My beautiful friend Joan, one of the very very very few people who has (a) consistently been present, (b) more or less accessible, and (c) capable of sitting with and exploring whatever colour and shade of emotional energy has come up for me these past four, very long years, co-facilitates a personal development programme called “Facing Death, Embracing Life”.
I attended it barely a year after Mike died. I think it should be “required attendance” for anyone still breathing – along with parenting programmes for would-be parents. I learned quite a bit at the time, and I am sure I would learn even more as my own barriers and resistance with regards to death fade with each passing loss, each passing season, and each passing year.
Facing into our mortality is a core part of the training we do at La Maison de Tara as well as in Journey work. One of my most profound experiences while training to become a Journey Practitioner was staying wholly present in the “worst possible scenario” of my final days, hours, moments. To imagine one’s “least preferred death” is a scary thing to do. It makes me hold my breath even now as I imagine it now, many years, and all of these losses later.
I am not so glib as to say I have fully faced into my mortality. I don’t know how one does that without actually dying, or having a near death experience. I do know that I am more aware of my mortality than many others, and the preciousness of life than many people are. I know too that I have long had an ability to rejoice in the joy and beauty of life, which, during Grief, has been a vital lifeline. And I know that I am constantly shifting in and out of grieving the loss of something and feeling grateful for whatever is left, or comes next. Being in a new relationship is a constant reminder of the loss of Mike and the gratitude of a new love. Having conversations with Ben and Megan is a constant reminder of the loss of Julia and my gratitude that I still have them in this moment.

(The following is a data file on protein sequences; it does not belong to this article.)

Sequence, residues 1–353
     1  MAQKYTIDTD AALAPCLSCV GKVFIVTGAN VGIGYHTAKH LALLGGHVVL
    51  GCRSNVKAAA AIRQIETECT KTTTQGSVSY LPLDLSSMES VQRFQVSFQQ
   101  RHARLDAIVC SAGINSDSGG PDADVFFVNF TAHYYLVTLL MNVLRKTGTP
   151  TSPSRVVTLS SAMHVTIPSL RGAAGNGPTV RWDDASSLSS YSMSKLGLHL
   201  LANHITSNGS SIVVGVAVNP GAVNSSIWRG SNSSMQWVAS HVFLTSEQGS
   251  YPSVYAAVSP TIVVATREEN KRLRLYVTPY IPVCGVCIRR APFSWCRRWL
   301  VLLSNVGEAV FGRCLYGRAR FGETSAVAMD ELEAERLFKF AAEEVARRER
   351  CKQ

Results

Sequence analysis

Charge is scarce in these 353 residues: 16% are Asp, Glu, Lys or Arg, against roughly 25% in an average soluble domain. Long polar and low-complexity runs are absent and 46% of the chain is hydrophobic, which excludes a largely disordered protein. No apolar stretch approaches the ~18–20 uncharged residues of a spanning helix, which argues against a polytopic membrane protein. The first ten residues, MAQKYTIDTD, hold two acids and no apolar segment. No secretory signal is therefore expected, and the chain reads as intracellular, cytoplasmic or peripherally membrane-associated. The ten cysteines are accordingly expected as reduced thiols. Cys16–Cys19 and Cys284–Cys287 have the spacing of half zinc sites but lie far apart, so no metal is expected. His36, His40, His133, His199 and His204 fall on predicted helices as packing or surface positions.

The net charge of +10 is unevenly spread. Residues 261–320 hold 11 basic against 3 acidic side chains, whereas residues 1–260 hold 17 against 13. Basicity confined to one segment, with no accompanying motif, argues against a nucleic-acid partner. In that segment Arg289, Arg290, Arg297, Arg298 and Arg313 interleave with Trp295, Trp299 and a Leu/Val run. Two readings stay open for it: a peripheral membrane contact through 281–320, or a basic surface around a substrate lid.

This shifting in and out is all the more vivid in Autumn, when Summer is undeniably over. I have long said that I love Autumn. Even as a kid I used to say that. I remember once, after saying it as a fairly young child, my dad responding with, “But Autumn is all about decay and death, you know?” and having a bit of a conversation about it. At the time I think my love for Autumn was just about the colours and freshness, and I didn’t have much awareness of the deeper transformative cycle present in Nature.
In recent years I noticed that I struggled more with the onset of Autumn than I had previously admitted. I came to realise that I needed to grieve the end of Summer first, with its long days and endless invitations for living to the full. But once I had grieved those long days and warmer temperatures, and Autumn was truly in place (definitely by the time the clocks go back), it becomes, once again, one of my four favourite seasons.
I feel comfortable in the Autumn. There is true wisdom and genuine beauty in natural transformation, in cycles, in change. I feel able to settle into myself, with where I am at in my life. With more being and more allowing. It is what it is, after all.
It doesn’t mean that I don’t have dreams and wishes and hopes. I hope to have any more seasons ahead of me. I want, for many people as well as myself, to stay fit and healthy and enthusiastic about life for many more seasons, years, and even decades. To live fully until I no longer can.
I don’t want to die quite yet. Though if death came knocking on my door, I’d be more than satisfied with how I have lived my life.